In the 30 years since the Supreme Court legalized abortion, one aspect of the debate has hardly changed: the large swath of Americans who hold a middle position between the polarizing prochoice and prolife positions.
According to Gallup, which has polled on abortion since 1975, a majority of Americans consistently falls in the middle category of supporting legal abortion with certain restrictions (as opposed to believing abortion should be legal under any circumstances or illegal in all circumstances).
Yet for three decades, the attention has been on the extremes. Their voices and actions have unnecessarily taken a matter of individual conscience and made it a matter of party and activist politics. Some activists falsely equate prochoice with feminism. Others - a few, radicalized prolife advocates - have murdered doctors who perform abortions and bombed clinics.
The polarization could intensify as the prochoice side sounds the alarm that now, unlike at its 25th anniversary in 1998, the landmark decision of Roe v. Wade faces a real danger of being overturned. With Republican control of Congress and the White House, and with Supreme Court vacancies on the horizon, the political fire wall protecting legalized abortion has been knocked down, they argue.
In addition, the prolife side, having successfully pushed restrictions such as waiting periods in dozens of states, is gearing up in Washington. It plans to push at least four anti-abortion bills through Congress.
A refreshing and needed change would be to shift the abortion focus to where most Americans stand - not wanting to overturn Roe v. Wade, yet troubled by the high number of abortions. Fundamentally, a woman, not the government, should make her own reproductive choices.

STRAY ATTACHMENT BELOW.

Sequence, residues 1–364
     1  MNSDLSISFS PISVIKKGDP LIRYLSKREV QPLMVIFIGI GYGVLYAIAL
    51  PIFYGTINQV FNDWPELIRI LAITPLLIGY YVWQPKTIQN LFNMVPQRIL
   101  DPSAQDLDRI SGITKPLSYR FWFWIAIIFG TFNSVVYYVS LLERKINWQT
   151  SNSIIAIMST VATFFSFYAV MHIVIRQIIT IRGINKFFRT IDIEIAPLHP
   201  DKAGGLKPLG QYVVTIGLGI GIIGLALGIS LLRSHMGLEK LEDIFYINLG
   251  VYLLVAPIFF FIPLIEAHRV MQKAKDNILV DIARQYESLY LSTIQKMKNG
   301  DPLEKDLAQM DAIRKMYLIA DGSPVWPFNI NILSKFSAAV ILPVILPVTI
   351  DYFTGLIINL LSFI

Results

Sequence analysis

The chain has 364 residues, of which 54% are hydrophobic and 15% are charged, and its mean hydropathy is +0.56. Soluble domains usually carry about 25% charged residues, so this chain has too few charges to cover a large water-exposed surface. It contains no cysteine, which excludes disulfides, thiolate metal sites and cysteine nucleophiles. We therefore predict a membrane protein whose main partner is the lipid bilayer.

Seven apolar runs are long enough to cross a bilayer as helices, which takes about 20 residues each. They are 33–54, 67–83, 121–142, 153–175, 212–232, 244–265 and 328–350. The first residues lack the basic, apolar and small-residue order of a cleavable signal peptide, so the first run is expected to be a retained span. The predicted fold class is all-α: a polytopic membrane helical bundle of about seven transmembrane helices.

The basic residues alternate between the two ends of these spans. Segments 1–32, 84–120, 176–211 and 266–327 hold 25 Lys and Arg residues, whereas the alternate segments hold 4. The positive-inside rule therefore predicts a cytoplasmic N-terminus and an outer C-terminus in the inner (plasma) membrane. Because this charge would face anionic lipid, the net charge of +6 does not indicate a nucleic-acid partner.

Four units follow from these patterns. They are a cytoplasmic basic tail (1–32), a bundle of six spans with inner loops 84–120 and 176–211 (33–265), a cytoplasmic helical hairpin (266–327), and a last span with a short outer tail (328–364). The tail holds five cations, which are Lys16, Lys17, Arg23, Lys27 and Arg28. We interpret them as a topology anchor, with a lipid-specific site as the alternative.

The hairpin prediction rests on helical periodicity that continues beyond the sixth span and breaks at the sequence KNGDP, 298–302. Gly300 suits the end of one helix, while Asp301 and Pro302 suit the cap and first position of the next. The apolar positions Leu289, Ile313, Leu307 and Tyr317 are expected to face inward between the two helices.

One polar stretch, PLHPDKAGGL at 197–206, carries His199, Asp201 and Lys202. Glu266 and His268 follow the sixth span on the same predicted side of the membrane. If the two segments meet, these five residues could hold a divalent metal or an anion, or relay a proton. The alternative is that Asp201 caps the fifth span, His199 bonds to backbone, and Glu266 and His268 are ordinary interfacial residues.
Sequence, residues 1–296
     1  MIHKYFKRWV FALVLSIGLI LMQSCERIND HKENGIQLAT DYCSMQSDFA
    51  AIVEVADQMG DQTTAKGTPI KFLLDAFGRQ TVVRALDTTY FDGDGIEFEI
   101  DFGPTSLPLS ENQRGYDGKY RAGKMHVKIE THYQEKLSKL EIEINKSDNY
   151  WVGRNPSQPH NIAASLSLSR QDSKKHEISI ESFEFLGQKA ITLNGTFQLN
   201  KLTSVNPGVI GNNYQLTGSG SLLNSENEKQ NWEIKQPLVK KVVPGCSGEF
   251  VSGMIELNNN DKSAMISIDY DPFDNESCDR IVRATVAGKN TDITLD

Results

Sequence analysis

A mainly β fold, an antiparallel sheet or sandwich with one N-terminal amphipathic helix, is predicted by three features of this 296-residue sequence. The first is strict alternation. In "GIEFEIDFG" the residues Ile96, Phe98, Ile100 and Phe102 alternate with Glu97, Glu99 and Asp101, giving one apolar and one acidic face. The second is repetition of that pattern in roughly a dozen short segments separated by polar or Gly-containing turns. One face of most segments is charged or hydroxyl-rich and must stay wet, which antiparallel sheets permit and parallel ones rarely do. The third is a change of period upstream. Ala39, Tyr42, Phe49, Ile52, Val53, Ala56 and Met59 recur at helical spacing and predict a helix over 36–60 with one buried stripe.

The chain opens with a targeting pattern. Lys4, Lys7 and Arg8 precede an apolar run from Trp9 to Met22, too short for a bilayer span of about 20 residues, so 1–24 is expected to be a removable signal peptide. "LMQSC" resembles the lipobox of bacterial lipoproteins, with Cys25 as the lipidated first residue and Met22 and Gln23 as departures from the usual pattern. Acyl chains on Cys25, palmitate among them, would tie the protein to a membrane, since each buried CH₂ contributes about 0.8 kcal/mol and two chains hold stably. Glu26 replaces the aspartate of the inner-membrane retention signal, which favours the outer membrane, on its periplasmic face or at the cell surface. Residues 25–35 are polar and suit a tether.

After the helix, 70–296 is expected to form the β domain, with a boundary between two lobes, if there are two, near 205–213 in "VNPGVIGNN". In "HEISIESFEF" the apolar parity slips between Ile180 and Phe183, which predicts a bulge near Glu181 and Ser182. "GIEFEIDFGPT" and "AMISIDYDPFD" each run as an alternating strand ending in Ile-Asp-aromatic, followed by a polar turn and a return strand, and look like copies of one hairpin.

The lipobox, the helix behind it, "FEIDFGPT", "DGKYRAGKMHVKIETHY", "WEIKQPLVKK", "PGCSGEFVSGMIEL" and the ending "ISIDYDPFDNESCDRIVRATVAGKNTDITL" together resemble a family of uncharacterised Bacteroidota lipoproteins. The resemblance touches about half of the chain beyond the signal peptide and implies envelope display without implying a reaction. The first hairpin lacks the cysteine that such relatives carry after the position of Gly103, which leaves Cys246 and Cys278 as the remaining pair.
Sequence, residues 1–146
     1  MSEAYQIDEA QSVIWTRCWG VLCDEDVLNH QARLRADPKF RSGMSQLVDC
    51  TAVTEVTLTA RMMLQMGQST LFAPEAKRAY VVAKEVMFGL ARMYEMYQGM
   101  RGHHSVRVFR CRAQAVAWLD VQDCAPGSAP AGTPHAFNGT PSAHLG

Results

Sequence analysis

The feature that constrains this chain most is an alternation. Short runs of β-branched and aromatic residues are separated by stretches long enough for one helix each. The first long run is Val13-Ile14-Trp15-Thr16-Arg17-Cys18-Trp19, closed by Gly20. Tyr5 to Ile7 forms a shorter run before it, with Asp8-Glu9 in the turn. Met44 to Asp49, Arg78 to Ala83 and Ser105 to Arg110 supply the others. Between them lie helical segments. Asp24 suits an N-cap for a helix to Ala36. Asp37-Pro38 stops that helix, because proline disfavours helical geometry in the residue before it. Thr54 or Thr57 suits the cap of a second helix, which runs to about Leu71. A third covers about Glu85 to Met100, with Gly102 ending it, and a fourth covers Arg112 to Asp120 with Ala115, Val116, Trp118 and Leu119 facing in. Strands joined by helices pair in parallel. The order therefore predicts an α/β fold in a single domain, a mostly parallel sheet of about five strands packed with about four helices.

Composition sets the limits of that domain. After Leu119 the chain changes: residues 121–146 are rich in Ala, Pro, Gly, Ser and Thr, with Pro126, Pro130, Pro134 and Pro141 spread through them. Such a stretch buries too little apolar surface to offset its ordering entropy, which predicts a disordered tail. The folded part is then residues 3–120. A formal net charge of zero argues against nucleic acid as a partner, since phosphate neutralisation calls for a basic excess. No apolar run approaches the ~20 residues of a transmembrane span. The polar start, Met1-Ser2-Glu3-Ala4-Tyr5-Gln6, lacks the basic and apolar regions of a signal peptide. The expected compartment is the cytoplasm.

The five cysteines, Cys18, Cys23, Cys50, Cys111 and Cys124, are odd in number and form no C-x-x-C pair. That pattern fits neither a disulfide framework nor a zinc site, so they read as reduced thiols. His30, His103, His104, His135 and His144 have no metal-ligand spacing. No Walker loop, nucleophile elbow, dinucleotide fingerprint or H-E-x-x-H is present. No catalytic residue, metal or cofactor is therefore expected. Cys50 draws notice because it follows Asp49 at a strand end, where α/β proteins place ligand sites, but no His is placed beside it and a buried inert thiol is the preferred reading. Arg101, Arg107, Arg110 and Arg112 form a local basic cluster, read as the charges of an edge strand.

It's encouraging that the abortion rate has been steadily dropping. It peaked, according to the Guttmacher Institute, in 1981, at 29.3 abortions per 1,000 women aged 15 to 44. In 2000, the rate was 21.3 abortions per 1,000 women in that age bracket.
Although that's the lowest rate since 1974, it's still 1.31 million abortions out of a population of some 280 million, and one of the highest abortion rates in the industrialized West.
The cause of the drop, apparently, lies in more use of contraception and new kinds of birth control, and greater abstinence. But these and other reasons also are hotly debated, and a greater effort must be made to pin down the causes behind this positive trend, and support what works.
At the same time, Americans should be wary of potential changes in federal law that come in the guise of moderation yet would work against Roe v. Wade.
For instance, the proposed Unborn Victims of Violence Act, which the prolife camp is pushing in Congress, would make it an additional offense to kill or injure a fetus during a federal crime.
While the Supreme Court did rule that states may restrict or ban abortions when a fetus could be viable outside the womb (considered to be 22 to 26 weeks), it shied away from establishing a fetus as a person. Instead, the court's Roe v. Wade ruling was based on a constitutionally implied right to privacy, which left the agonizing choice of abortion up to the woman.
Precedent has been building in establishing "rights" for the unborn, with 26 states passing similar laws to the proposed Unborn Victims of Violence Act, and the White House, by executive order, making the unborn eligible for health insurance. While this trend does not undermine Roe v. Wade directly, it builds competing law that, in the end, could cause the Supreme Court to weigh protecting a woman's right against new laws establishing legal protections for the unborn.
What contributes to the intensity of debate in this country is that abortion law has essentially been set by the court. In Europe, it has been set legislatively and presumably reflects the will of the people. The prolife camp recognizes this and is trying to change a constitutional ruling through state legislatures and Congress.
Most Americans do not want to return to illegal, back-street abortion, but they also would like abortions to become rare. This is the time to redouble efforts to reduce unwanted pregnancies so that fewer women have to confront such a choice.